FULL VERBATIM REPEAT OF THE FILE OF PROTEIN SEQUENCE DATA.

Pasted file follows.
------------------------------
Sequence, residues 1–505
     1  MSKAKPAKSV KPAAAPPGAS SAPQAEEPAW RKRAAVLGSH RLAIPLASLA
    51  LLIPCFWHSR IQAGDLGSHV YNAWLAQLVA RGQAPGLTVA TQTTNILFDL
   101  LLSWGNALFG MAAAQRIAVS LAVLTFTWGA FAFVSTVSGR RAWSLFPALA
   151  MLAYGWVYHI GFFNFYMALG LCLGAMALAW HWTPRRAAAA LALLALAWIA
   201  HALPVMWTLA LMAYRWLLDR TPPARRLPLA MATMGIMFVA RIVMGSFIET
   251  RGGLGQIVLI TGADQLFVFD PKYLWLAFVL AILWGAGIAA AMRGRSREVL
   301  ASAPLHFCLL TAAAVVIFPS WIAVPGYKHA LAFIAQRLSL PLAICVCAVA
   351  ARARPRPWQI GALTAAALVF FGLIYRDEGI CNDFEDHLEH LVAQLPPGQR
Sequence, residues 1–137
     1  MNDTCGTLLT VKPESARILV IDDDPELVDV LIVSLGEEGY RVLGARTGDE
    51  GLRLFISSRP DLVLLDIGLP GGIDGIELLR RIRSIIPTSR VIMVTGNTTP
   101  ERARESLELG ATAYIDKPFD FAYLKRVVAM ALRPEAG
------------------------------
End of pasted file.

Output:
Sequence, residues 1–505
     1  MSKAKPAKSV KPAAAPPGAS SAPQAEEPAW RKRAAVLGSH RLAIPLASLA
    51  LLIPCFWHSR IQAGDLGSHV YNAWLAQLVA RGQAPGLTVA TQTTNILFDL
   101  LLSWGNALFG MAAAQRIAVS LAVLTFTWGA FAFVSTVSGR RAWSLFPALA
   151  MLAYGWVYHI GFFNFYMALG LCLGAMALAW HWTPRRAAAA LALLALAWIA
   201  HALPVMWTLA LMAYRWLLDR TPPARRLPLA MATMGIMFVA RIVMGSFIET
   251  RGGLGQIVLI TGADQLFVFD PKYLWLAFVL AILWGAGIAA AMRGRSREVL
   301  ASAPLHFCLL TAAAVVIFPS WIAVPGYKHA LAFIAQRLSL PLAICVCAVA
   351  ARARPRPWQI GALTAAALVF FGLIYRDEGI CNDFEDHLEH LVAQLPPGQR
Sequence, residues 1–137
     1  MNDTCGTLLT VKPESARILV IDDDPELVDV LIVSLGEEGY RVLGARTGDE
    51  GLRLFISSRP DLVLLDIGLP GGIDGIELLR RIRSIIPTSR VIMVTGNTTP
   101  ERARESLELG ATAYIDKPFD FAYLKRVVAM ALRPEAG